By Rob Boston
Leaders of the Roman Catholic hierarchy in Pennsylvania were pretty excited about the possibility of a private school voucher subsidy passing in the state. Gov. Tom Corbett was solidly behind the program, and it was assumed that an influx of conservative legislators in the state Senate and House of Representatives would back the scheme.
But things don’t always go according to plan. The measure passed the Senate, but last month it was derailed in the House. Voucher boosters pulled the bill after it became apparent that the votes were not there. The proposal collapsed, and it doesn’t look like it will be back this year.
Interestingly, the bill failed in part because some conservative lawmakers in rural parts of the state declined to support it. These legislators pointed out that there are few private schools in their jurisdictions and noted that their constituents support public education. They saw no reason to make a drastic change.
Harrisburg Bishop Joseph McFadden is not happy about that.
“In totalitarian governments, they would love our system,” McFadden told WHTM-TV recently. “This is what Hitler and Mussolini and all those tried to establish a monolith so all the children would be educated in one set of beliefs and one way of doing things.”
Oh, my. Do we really have to drag Hitler into all of this?
I understand that the bishop is disappointed. He wanted Pennsylvania taxpayers to bail out his church’s financially ailing network of private schools. State legislators decided to not to hand that tab to the taxpayers. I doubt that any of them were motivated by a fondness for the ideas of Hitler or Mussolini.
There are many legitimate reasons for opposing vouchers. Some people, noting that the public school system serves 90 percent of our youngsters, want to make certain it’s adequately funded. Others see vouchers as a violation of church-state separation. Some conservatives oppose vouchers because they fear such plans will lead to excessive government oversight of private schools.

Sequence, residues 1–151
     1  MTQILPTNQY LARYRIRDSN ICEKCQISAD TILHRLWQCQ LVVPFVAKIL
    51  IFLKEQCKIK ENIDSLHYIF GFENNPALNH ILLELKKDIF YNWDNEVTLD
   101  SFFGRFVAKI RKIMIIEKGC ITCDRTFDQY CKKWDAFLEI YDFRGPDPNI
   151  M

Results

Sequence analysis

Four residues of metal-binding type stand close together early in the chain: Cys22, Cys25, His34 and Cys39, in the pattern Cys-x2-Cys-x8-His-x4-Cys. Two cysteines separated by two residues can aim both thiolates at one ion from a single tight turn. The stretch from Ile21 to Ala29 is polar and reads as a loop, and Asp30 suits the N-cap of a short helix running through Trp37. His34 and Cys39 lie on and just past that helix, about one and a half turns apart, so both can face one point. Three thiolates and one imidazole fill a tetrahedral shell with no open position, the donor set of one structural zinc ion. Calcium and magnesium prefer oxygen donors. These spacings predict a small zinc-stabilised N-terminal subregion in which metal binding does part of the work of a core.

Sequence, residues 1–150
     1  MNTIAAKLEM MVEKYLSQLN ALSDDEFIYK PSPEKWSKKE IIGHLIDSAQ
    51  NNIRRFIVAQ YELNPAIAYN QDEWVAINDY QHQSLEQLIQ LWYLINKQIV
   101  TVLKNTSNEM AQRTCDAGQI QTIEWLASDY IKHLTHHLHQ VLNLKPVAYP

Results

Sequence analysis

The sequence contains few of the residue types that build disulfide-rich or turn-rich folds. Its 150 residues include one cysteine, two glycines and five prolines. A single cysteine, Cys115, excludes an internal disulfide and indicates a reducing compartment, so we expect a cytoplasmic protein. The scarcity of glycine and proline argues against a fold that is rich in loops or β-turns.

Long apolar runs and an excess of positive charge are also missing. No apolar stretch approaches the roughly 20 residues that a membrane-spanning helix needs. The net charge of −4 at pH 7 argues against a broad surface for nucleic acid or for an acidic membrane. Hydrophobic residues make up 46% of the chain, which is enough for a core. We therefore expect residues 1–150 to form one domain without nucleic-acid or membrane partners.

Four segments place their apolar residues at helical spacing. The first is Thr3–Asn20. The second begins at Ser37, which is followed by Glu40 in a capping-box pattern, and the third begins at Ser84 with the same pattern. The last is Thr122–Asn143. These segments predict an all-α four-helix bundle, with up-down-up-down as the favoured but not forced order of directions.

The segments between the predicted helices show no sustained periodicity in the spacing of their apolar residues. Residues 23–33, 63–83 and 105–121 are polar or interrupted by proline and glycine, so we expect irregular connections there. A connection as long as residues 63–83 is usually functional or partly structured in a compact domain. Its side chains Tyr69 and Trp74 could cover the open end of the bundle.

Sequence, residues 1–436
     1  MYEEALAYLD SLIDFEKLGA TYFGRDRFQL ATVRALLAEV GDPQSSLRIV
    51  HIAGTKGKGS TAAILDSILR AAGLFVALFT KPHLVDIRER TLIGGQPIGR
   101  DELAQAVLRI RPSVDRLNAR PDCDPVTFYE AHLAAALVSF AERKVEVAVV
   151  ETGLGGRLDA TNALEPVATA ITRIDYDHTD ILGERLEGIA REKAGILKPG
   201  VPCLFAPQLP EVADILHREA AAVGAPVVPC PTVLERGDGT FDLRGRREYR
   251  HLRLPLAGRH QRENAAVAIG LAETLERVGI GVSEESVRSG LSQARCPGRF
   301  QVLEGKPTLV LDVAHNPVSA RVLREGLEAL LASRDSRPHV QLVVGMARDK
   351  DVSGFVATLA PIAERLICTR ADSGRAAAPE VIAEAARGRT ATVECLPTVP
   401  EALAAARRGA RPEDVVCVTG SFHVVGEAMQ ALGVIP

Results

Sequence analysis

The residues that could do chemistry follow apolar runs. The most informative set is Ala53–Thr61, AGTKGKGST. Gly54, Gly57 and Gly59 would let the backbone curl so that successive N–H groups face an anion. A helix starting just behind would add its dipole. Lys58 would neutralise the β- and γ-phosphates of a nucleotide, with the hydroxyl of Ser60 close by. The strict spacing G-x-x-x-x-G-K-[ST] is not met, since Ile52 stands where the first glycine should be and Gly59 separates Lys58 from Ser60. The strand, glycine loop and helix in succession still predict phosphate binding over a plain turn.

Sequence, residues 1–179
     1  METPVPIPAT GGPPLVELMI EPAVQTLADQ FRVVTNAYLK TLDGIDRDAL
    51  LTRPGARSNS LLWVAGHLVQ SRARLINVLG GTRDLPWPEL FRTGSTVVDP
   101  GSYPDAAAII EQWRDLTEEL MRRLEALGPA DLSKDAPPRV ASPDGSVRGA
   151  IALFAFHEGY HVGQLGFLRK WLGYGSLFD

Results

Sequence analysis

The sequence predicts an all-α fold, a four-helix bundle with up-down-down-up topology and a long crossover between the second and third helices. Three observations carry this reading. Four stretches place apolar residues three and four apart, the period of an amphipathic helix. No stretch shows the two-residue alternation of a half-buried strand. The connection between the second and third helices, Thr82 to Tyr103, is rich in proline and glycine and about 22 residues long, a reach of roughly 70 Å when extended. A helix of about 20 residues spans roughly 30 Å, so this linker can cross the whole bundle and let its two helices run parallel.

Americans United frequently works in coalition when we oppose voucher bills. A range of groups and individuals from various religious, political and public policy perspectives join the cause. Jewish groups are frequently involved. The leaders and members of these groups would probably be surprised to learn that they have sided with Hitler.
I don’t know what Hitler thought about “school choice.” There’s an air of the absurd in even asking the question. It’s simply not relevant to the debates we are having today over tax aid to religious education. Dragging the architect of the worst genocide of the 20th century into this debate is deeply offensive. It is done for shock value only and adds nothing of value to the discussion.
Bishop McFadden should apologize for his intemperate remarks. He should also take some time to reflect. If this sort of junk is indicative of the type of argument McFadden has to offer the people of Pennsylvania, perhaps he should consider stepping out of the debate.